The Ministry of Health, Wellness, Human Services and Gender Relations has spearheaded the all-important process of developing a traffic management plan for the National Healthcare Complex, located in Coubaril, off the Millennium Highway in Castries.
Through a partnership with the Ministry of Infrastructure, the Traffic Department of the Royal St Lucia Police Force (RSLPF), the Bureau of Standards and the National Council on Public Transport (NCOPT), the Ministry intends to use a number of measures in order to achieve improvements in traffic and road safety, as well as pedestrian accessibility.
Recently, representatives of the two partner Ministries conducted a site visit to commence investigative analyses and needs assessments for the formulation of the traffic plan, which spans the entire highway, from the Cul de Sac junction to the Bananes roundabout.
Project Engineer to the Healthcare Complex, Wendell Bernard, says that driver instruction will ideally start at both the northern and southern entrances of the roadway.
“We intend to implement, signage and road markings along the entire highway to ensure road users are well aware of the changes taking place. This is especially important where pedestrians are concerned, considering the expected increase in this type of traffic after commissioning of the hospital. Currently, there are limited driving instructions along the roadway and we want to get road users familiar with the new commands that will be instituted or enforced,” said Bernard.
For its part, the Ministry of Infrastructure will lead the recommendations on the methods for slowing down traffic upon approach of the complex, the appropriateness of the location of the bus stops and determining pedestrian accessibility. During the implementation phase, the Infrastructure Ministry’s input will also be critical.
“Through the development of this plan, we are being very cognizant of the need to allow for further development of the highway in future. This is where our partners in the Ministry of Infrastructure are vital, owing to the fact that they are part of the original architects of the roadway and are responsible for its maintenance,” said Bernard.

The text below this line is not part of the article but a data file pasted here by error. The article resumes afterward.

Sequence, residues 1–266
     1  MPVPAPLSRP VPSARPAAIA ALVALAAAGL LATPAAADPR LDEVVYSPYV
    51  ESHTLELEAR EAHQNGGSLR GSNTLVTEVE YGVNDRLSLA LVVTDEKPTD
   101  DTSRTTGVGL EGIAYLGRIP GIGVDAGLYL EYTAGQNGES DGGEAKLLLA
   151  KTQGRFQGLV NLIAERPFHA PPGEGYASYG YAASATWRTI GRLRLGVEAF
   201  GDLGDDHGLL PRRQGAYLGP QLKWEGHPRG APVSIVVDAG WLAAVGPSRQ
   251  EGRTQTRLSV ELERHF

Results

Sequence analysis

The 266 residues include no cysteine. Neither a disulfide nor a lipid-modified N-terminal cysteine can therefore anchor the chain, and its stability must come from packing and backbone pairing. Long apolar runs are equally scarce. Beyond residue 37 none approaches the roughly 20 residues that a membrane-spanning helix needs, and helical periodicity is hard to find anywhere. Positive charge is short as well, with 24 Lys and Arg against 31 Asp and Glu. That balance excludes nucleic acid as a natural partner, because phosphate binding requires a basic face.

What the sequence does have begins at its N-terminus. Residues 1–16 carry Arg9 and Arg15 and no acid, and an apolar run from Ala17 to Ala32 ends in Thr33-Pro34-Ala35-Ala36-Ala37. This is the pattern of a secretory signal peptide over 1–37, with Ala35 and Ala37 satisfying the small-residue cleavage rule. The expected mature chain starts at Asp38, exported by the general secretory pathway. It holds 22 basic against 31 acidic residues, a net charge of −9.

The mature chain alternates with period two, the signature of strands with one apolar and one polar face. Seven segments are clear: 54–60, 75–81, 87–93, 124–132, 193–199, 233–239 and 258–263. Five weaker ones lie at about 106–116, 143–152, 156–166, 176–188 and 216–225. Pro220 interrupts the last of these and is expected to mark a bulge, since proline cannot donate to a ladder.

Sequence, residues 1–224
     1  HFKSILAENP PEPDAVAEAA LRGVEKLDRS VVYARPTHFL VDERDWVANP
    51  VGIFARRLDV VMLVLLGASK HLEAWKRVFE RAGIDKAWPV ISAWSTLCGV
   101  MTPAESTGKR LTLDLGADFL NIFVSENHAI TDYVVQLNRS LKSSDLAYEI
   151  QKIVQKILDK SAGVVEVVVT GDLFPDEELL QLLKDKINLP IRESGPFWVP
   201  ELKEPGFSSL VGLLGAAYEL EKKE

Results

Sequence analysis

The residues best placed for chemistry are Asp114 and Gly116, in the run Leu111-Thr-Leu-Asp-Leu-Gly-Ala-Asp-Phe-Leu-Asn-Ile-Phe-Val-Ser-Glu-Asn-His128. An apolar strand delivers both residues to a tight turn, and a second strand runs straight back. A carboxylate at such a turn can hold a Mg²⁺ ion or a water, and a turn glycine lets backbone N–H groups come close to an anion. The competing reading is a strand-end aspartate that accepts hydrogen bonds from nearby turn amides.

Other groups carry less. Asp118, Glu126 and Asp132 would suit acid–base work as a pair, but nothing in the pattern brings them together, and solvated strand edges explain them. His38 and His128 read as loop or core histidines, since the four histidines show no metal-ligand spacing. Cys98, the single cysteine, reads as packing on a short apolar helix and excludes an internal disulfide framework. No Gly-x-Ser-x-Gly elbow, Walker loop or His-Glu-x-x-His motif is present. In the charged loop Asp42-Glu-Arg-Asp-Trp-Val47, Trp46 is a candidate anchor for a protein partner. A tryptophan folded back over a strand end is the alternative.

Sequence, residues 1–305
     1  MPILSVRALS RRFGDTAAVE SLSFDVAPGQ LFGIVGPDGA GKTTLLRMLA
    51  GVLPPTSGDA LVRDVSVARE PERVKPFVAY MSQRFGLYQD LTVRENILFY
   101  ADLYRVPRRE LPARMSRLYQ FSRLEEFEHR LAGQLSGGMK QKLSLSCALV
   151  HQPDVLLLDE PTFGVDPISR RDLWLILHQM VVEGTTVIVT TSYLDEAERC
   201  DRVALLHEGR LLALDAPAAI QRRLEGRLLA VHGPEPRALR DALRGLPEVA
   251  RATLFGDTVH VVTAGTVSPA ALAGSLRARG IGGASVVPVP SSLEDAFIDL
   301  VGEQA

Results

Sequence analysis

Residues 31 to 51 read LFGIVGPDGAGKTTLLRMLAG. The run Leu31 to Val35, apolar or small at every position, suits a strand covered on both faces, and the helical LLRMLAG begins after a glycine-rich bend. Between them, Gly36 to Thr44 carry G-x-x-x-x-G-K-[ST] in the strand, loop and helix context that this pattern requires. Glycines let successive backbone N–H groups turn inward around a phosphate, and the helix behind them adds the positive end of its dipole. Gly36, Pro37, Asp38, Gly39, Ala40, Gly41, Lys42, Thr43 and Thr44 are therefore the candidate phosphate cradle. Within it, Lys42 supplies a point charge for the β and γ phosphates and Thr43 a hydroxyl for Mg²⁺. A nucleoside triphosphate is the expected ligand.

The collaboration between the two ministries and other agencies on this aspect of completing the Hospital is critical to ensuring all international standards and legislative regulations are adhered to in the process.
According to the Project’s Research Officer, Fabian Lewis, “all preparations for the adoption of a bus route for the complex have long been completed through the NCOPT.”
“We want to ensure that all stakeholders for traffic management at the complex are consulted prior to implementation and that service delivery to the public is not adversely impacted. It is also necessary that our activities adhere to global standards and as a result, we are working closely with the Bureau of Standards in the process of constructing signage on the highway, as well as within the complex itself,” said Lewis.
The Ministry of Health is also investigating the feasibility of implementing a dedicated ambulance lane. Controlled access points and traffic management within the complex are also being determined. At every stage, the RSLPF’s Traffic Department is expected to approve the recommendations.
“The Ministry of Health is making certain that the adage ‘state of the art’ is applicable to every component of this complex. While the focus remains to improve the healthcare
system, we are very aware of the impact of complementary services on the delivery of quality care and this is why we are placing such emphasis on areas like traffic management,” said Lewis.